The legal careers of two Orange County supervisors and whether they intersect with their public duties are raising questions among good government and ethics experts.
Supervisors Todd Spitzer and Shawn Nelson are both prominent local attorneys, and each report substantial income from their law firms on state-mandated disclosure forms. Spitzer has reported receiving up to $100,000 annually since he took office in January 2013, and Nelson more than $100,000 in each year since he become supervisor in 2010.
But beyond that, very little is publicly known about who their clients are, or more specifically, how their income is generated.
In large measure, these unknowns are due to the scope of the state's disclosure requirements. Elected officials in California who are also attorneys are generally required to list clients who paid their law practice at least $10,000 per year, if they’re the sole owner of the practice. The dollar threshold is higher if they just have a partial ownership stake in the firm.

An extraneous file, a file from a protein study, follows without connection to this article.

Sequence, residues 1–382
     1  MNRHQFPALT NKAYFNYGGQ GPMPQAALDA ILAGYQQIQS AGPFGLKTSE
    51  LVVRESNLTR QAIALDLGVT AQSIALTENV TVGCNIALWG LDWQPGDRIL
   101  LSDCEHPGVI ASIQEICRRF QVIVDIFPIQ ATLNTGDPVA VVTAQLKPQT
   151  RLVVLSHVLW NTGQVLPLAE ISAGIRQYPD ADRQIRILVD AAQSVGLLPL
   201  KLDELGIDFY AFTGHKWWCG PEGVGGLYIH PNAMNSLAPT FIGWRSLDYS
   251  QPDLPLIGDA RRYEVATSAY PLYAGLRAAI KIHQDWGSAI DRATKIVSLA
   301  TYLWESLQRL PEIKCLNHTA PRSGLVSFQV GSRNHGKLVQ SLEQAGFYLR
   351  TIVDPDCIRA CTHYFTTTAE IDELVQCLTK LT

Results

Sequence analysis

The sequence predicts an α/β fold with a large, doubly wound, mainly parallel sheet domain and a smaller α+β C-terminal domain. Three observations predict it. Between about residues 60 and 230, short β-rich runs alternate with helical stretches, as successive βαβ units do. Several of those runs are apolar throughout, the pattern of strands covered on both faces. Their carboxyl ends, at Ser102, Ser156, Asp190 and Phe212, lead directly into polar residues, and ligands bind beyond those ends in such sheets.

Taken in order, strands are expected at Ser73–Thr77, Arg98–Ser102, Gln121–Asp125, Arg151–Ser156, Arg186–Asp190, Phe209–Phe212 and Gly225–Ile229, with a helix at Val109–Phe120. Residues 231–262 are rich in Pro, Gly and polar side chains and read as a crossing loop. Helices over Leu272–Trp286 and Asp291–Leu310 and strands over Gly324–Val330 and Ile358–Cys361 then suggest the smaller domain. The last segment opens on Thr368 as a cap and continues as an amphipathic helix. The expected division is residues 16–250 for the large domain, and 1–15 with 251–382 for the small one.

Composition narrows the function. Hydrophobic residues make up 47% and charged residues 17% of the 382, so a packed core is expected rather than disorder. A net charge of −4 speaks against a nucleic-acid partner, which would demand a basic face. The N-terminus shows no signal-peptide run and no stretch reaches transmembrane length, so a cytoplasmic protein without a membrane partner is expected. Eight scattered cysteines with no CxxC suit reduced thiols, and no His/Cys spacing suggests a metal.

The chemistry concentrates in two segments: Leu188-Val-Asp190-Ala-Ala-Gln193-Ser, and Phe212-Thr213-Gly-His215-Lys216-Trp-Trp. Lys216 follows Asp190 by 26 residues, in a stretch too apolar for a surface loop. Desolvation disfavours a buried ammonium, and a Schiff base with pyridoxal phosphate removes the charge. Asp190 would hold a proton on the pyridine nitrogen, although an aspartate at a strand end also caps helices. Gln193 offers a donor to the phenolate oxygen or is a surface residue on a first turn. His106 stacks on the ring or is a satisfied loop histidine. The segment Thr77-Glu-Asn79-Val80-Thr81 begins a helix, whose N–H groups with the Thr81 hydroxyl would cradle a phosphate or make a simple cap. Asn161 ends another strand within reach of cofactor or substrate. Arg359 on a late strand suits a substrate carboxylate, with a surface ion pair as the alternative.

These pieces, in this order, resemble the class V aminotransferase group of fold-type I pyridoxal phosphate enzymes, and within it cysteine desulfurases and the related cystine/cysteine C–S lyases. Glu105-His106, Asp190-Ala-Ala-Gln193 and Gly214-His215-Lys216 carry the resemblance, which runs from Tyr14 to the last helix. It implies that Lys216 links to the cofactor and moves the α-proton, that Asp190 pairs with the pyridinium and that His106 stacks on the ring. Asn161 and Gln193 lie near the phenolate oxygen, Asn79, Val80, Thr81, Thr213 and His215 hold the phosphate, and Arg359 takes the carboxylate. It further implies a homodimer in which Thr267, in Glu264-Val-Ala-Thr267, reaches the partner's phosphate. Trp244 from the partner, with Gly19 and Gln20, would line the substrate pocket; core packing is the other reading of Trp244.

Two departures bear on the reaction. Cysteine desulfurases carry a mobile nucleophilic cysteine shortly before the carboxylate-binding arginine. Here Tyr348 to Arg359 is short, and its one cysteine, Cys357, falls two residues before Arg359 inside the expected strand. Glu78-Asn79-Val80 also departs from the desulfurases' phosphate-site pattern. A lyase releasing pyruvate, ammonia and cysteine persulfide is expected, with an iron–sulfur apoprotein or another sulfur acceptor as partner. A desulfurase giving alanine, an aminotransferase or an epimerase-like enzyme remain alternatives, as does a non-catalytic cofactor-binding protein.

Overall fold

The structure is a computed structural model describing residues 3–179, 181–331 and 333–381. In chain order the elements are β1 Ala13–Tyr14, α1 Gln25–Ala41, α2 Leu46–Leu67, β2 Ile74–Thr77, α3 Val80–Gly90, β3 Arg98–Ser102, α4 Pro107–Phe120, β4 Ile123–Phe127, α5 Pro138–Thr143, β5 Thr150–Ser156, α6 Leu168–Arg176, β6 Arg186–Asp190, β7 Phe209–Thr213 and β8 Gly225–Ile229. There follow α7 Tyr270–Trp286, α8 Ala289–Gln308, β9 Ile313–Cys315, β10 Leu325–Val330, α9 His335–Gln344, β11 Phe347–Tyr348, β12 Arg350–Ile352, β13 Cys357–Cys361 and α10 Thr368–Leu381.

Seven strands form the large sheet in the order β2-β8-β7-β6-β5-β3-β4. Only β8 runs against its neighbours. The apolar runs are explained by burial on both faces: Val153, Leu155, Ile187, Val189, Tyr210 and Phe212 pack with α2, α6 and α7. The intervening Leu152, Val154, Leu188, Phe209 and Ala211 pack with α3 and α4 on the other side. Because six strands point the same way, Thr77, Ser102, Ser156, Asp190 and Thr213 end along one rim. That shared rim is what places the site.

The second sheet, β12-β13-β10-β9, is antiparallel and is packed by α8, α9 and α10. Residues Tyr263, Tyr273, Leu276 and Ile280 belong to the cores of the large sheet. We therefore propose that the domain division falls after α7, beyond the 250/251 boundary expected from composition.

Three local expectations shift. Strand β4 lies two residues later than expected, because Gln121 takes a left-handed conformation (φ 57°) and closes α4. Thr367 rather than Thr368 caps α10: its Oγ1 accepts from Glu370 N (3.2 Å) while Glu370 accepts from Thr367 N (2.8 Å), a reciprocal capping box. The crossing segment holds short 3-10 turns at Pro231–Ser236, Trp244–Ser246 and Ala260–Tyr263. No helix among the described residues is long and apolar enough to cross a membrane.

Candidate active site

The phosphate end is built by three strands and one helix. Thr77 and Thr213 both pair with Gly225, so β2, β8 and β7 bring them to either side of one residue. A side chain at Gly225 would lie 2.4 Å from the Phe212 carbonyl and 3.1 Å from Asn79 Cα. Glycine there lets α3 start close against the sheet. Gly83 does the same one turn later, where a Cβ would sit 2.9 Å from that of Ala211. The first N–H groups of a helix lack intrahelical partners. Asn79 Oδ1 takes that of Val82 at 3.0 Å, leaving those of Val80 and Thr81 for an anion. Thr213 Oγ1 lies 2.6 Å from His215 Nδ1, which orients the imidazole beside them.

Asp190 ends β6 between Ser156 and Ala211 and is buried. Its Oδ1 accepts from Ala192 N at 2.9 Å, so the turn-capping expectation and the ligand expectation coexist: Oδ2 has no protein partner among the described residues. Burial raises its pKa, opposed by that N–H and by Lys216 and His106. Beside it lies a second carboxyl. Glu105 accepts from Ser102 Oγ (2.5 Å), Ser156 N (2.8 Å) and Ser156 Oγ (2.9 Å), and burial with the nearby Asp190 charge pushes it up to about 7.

There are concerns that go beyond specific questions of reported income and/or ownership.
In Nelson’s case, a recent advertisement for Rizio & Nelson featured Nelson prominently, listing him as “of counsel” to the firm and his title as a county supervisor.
A leading government ethics expert says that while elected officials shouldn’t be penalized for “maximizing their honest income,” the ad doesn’t seem to pass the “sniff test.”
“At a certain point it’s just a matter of good form, or good taste,” said James Abruzzo, co-director of the Institute of Ethical Leadership at Rutgers Business School. “There are certain things that just don’t pass the sniff test, and I think that this just might be one of them.”